Arenaviral nucleoproteins suppress PACT-induced augmentation of RIG-I function to inhibit type I interferon production

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RIG-I is a major cytoplasmic sensor of viral pathogen-associated molecular pattern (PAMP) RNA and induces type I interferon (IFN) production upon viral infection. A double-stranded RNA (dsRNA)-binding protein, PACT, plays an important role in potentiating RIG-I function. We have shown previously that arenaviral nucleoproteins (NPs) suppress type I IFN production via their RNase activity to degrade PAMP RNA. We report here that NPs of arenaviruses block the PACT-induced enhancement of RIG-I function to mediate type I IFN production and that this inhibition is dependent on the RNase function of NPs, which is different from that of a known mechanism of other viral proteins to abolish the interaction between PACT and RIG-I. To understand the biological roles of PACT and RIG-I in authentic arenavirus infection, we analyze growth kinetics of recombinant Pichinde virus (PICV), a prototypical arenavirus, in RIG-I knockout (KO) and PACT KO mouse embryonic fibroblast (MEF) cells. Wild-type (WT) PICV grew at higher titers in both KO MEF lines than in normal MEFs, suggesting the important roles of these cellular proteins in restricting virus replication. PICV carrying the NP RNase catalytically inactive mutation could not grow in normal MEFs but could replicate to some extent in both KO MEF lines. The level of virus growth was inversely correlated with the amount of type I IFNs produced. These results suggest that PACT plays an important role in potentiating RIG-I function to produce type I IFNs in order to restrict arenavirus replication and that viral NP RNase activity is essential for optimal viral replication by suppressing PACT-induced RIG-I activation.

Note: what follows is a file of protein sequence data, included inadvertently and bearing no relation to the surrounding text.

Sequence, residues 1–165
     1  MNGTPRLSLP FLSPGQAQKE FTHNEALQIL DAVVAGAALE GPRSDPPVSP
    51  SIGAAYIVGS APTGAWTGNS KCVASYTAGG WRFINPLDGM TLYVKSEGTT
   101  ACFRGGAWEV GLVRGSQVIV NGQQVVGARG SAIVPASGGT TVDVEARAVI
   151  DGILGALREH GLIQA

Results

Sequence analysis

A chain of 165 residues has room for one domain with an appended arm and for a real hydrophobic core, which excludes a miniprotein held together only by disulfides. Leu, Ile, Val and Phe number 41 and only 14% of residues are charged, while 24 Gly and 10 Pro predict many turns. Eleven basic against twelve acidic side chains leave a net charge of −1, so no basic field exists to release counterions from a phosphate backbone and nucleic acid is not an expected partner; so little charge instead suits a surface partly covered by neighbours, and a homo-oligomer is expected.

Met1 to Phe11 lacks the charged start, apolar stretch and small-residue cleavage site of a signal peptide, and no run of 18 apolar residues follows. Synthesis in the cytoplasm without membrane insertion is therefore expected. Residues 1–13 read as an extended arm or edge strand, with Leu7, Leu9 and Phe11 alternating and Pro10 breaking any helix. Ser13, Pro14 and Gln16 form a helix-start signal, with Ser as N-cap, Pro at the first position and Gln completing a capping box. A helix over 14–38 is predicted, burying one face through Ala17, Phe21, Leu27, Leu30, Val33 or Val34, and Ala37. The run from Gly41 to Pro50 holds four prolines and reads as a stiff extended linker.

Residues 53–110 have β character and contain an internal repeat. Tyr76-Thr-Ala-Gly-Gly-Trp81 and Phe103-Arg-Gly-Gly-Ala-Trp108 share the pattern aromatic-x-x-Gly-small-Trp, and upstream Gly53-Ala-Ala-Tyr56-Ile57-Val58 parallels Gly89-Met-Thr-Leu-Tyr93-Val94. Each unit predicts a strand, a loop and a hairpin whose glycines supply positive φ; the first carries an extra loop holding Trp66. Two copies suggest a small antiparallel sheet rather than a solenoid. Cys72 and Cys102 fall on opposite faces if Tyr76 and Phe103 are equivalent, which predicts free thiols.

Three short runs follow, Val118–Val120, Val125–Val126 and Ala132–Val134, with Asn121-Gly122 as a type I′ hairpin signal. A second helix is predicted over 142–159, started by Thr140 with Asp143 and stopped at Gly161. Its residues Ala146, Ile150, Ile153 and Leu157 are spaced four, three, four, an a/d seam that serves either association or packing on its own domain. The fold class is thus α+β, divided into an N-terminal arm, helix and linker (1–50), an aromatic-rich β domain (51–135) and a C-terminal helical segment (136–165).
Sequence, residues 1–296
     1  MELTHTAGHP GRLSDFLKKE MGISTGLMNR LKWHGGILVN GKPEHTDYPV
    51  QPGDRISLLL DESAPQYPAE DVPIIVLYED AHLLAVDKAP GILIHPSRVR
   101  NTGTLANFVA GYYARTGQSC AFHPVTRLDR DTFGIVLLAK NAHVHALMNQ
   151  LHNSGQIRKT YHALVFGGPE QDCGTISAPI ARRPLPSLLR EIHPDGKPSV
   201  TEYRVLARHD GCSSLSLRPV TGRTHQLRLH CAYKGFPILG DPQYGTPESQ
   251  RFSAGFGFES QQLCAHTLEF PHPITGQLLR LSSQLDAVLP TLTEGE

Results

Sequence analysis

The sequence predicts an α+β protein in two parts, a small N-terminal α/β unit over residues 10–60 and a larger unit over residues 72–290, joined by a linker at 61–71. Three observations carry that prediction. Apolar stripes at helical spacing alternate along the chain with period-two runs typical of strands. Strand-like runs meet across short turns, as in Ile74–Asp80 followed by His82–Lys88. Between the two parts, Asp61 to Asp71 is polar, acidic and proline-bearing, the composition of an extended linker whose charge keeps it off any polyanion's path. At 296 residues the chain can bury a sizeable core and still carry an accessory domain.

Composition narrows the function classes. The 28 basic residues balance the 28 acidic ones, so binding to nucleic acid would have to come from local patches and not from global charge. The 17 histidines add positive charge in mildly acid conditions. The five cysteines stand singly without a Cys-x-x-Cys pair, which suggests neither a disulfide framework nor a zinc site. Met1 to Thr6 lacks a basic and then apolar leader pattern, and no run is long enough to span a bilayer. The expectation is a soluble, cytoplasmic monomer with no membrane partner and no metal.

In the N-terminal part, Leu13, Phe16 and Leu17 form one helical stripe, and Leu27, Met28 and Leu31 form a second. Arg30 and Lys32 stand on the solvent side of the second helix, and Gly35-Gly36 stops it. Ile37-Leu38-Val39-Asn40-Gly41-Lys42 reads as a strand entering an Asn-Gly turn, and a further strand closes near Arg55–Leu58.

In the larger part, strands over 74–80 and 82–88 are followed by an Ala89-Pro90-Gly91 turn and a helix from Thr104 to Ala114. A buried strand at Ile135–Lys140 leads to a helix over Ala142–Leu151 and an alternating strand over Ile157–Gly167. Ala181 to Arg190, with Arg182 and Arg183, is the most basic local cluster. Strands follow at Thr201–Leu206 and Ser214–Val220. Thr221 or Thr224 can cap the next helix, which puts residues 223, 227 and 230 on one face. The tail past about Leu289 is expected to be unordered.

Original languageEnglish (US)
Article numbere00482-18
JournalJournal of virology
Issue number13
StatePublished - Jul 1 2018



  • Arenaviruses
  • Lassa virus
  • Nucleoprotein
  • PACT
  • RIG-I
  • RNase activity
  • Type I interferon

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